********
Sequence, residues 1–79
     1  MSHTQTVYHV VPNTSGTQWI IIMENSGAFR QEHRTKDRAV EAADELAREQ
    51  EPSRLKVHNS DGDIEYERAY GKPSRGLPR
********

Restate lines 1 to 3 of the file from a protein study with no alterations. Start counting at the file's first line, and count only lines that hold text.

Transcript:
Sequence, residues 1–79
     1  MSHTQTVYHV VPNTSGTQWI IIMENSGAFR QEHRTKDRAV EAADELAREQ
    51  EPSRLKVHNS DGDIEYERAY GKPSRGLPR